Prepare job seekers for these and other non-traditional questions:

  • What is the company doing wrong? Employers want constructive criticism, not a list of faults. Job seekers who can notice problems and offer solutions demonstrate leadership and problem-solving skills.

 

  • What have you done wrong in your life? This is not a counseling session. Instead, employers want to know that a job seeker is able to recognize areas for improvement. They want details on how the job seeker has “fixed” a problem.

 

Many companies will also take candidates on a facility tour. This is not always to show them the building, but rather to observe how the job seeker interacts with people and the environment. Candidates who seem disinterested will not move forward in the hiring process. Those who seem surprised at what they see indicate that they haven’t done sufficient research to understand what the company does. Make job seekers aware that they’re always “on,” even in the parking lot.

Another trend is to place executives “under cover.” They may pose as a receptionist or janitor. Job seekers must be respectful to everyone, regardless of position.

3. Job seekers should make time for interview extras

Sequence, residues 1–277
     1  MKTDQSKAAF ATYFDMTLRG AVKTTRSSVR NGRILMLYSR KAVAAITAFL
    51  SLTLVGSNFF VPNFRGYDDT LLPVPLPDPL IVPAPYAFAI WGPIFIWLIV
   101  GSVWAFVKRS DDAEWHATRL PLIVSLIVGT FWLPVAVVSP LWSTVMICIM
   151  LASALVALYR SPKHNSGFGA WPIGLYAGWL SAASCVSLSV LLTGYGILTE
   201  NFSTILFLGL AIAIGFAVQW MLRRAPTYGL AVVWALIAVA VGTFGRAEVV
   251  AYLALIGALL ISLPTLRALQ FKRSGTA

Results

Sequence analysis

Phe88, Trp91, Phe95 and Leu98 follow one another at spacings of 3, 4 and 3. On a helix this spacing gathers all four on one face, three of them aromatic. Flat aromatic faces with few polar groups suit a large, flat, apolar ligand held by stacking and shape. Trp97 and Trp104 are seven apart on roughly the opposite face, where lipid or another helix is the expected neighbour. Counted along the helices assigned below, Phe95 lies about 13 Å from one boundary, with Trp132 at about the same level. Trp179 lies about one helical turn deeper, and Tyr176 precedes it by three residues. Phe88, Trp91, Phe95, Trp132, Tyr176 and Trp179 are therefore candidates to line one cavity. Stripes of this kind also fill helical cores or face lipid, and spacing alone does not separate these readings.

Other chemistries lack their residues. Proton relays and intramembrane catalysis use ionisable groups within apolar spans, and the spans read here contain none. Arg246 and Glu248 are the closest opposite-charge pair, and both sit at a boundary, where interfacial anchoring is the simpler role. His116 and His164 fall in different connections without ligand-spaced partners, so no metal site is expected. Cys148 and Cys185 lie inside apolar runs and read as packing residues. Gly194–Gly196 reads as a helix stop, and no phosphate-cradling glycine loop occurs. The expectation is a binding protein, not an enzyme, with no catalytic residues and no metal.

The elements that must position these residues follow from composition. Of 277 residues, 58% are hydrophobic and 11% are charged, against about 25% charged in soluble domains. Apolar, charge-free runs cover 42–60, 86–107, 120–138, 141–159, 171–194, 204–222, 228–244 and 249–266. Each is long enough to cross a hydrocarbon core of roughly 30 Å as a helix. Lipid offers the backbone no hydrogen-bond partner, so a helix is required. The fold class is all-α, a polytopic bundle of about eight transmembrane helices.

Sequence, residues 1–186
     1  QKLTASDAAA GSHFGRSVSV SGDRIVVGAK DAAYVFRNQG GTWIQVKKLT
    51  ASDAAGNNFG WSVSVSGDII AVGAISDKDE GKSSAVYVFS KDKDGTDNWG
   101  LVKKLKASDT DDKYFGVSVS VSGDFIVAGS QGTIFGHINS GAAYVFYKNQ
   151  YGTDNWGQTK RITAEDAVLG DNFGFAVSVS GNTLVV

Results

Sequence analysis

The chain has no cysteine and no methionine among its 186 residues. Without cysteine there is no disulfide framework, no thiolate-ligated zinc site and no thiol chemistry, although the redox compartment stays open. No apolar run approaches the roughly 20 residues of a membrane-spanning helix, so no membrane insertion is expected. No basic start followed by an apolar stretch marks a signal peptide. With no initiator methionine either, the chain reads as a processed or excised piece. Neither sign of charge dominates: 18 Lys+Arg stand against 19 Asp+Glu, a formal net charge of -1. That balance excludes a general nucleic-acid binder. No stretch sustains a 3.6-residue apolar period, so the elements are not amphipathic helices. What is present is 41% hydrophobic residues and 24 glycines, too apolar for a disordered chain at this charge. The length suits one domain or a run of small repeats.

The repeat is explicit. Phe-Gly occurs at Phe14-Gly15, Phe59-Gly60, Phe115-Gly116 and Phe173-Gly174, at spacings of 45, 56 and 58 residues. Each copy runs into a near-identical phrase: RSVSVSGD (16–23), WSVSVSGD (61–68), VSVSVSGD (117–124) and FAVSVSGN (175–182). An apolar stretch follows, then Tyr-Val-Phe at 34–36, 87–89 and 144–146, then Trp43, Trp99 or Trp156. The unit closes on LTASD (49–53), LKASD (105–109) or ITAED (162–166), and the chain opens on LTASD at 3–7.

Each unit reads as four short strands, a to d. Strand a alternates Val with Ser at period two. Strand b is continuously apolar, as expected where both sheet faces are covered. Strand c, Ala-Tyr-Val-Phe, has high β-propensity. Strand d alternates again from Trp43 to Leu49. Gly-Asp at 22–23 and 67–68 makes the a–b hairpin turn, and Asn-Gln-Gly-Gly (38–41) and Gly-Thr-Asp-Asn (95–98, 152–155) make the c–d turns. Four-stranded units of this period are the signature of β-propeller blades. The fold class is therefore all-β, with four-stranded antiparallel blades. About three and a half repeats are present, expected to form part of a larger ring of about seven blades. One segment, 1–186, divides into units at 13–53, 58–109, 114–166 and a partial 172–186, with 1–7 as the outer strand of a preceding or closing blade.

Anyone can do a simple web search to uncover basic facts about the company. Help job seekers bring unique details to the interview such as little-known facts, historical references, and more. This is a chance to impress the interviewer with their knowledge.

You should also prepare job seekers for “homework” tasks. Many companies will require proof of ability to perform work. Run mock tests with job seekers to ensure they’ll be able to prove their skills and experience.  Doing this will also help you determine if job seekers are interested enough to go “above and beyond” the standard interview process.

Homework tasks will vary depending on the position the job seeker is vying for. Use examples from past job seeker interviews, or create your own tasks. These could be writing samples, art work, budget sheets, or other materials related to the duties they would be performing on the job.

You have the power to help job seekers like Thomas and Beatrice succeed. Paying attention to and addressing warning signs will prevent red flags from coming up in the interview.

Being prepared for off-script or offbeat questions will help job seekers remain calm under pressure. Expecting “homework” tasks and being prepared to show proof of work ability will help job seekers demonstrate they have the skills necessary to excel at the job.

What are you doing to help job seekers wow employers in interviews? Let us know in the comments!

 

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Val Matta
Val Matta
Val Matta is the vice president of business development at CareerShift, a comprehensive job hunting and career management solution that gives job seekers complete control over their job search. It's available for individual users, university and military career services centers, libraries, and corporations seeking to offer outplacement assistance to former employees. Connect with Val and CareerShift on LinkedIn.